I tried out some new social networks lately. Mastodon I quite like (it’s like what I’ve wanted Twitter to be), Discord, not so sure. So, if you’ve wondered about my reduced presence on IRC, that’s why.
Writing an IRC bot is one of the classic programming exercises that can be done in pretty much every programming language offering you some way to open TCP sockets and manipulate strings. I started doing one in Emacs Lisp long time ago, although not from scratch (rather by leveraging an existing IRC client) and wondered whether there is anything to learn from doing the equivalent with a “modern” IM platform like Discord. Could it be still be done from scratch? What else is different about it?
First I had to find a meaningful thing for the bot to do. I chose Eliza, the classic demonstration of a chatter bot that managed fooling people into having prolonged conversations with them. The version I’m familiar with is M-x doctor which is part of Emacs. So, first of all, I wrote some code to interface with that command in a REPL-style fashion. A companion shell script boots up Emacs in batch mode for interfacing with the doctor from the shell. Much like the original mode, you terminate your input by pressing RET twice. This is an intentional design decision to allow for multi-line input as seen on Discord (but absent from IRC, where you could get away with making it single-line input).
I briefly entertained the thought of writing the rest of the bot from scratch in Emacs Lisp, but abandoned it after learning that I’d need to use websockets with zlib compression to subscribe and respond to incoming messages. While there is an existing library for websocket support, I’d rather not figure out its nitty-gritty details, let alone with the lack of zlib compression. It doesn’t help that Discord’s official API docs are inconclusive and fail answering questions such as how you can set your current status (and more importantly, why it fails getting updated). So, an officially recommended Discord library it is.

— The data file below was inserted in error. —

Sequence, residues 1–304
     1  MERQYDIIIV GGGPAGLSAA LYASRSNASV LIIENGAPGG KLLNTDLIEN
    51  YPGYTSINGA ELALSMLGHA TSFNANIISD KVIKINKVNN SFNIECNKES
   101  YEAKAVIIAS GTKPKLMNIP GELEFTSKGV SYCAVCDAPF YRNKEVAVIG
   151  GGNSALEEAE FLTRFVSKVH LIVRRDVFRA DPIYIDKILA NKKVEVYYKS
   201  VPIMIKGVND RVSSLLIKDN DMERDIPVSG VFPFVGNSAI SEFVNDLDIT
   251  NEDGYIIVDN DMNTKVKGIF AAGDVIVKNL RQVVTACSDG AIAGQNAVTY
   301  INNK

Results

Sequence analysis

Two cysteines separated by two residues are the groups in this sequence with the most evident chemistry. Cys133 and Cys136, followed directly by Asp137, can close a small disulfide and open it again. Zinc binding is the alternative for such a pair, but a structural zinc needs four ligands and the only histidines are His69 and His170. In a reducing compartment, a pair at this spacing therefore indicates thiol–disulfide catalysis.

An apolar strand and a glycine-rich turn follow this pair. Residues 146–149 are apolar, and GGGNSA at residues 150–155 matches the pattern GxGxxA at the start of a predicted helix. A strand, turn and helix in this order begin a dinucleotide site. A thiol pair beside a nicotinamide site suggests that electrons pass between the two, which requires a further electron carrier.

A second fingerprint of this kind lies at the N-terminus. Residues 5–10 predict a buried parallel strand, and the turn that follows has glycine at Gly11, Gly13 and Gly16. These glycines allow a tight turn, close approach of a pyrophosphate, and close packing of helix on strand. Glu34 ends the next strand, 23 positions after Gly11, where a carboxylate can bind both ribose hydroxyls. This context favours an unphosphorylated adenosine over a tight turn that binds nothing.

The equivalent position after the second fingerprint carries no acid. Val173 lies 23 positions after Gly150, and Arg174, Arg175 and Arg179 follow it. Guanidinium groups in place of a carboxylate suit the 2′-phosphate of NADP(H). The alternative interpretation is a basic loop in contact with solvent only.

The choice on which one it’s going to be depended on whether the programming language it’s implemented with allowed me to communicate with my shell script. I tried out discord.js first, battled a fair bit with Node.js, but gave up eventually. There doesn’t seem to be a way to spawn a child process and read from / write to its stdout / stdin pipes as you see fit. Instead you can only add a callback for the process output and good luck if you want to figure out what piece of output corresponds to the input you wrote earlier. This is why I went for discordrb instead, wrote some glue code for subprocess communication and started figuring out their API to react to incoming messages.
There are a few lessons to be learned from their API:
- Allow adding as many event handlers as you want for specific events, with convenience options for narrowing down to commonly needed situations (like messages starting with a prefix)
- Inside these event handlers, provide an object containing all context you’d need, including the information who to respond to
- Keep the bot alive when an event handler errors out
Now, to test the bot I needed to unleash it on a server. It turns out that unlike on IRC bot accounts are handled specially. You must:
- Register an application and obtain an ID for authorization purposes
- Enable a bot account and obtain an authorization token
- Generate an URL for inviting the bot to a server
- Share that URL with someone wielding the necessary permissions
- Hope for the best and wait for them to invite the bot
This meant that I had to create my own test server to check whether my code worked at all. For this reason I haven’t been able to get it running on the server I was invited on. If you want to, you can try it on your own server, the sources are on GitHub as always.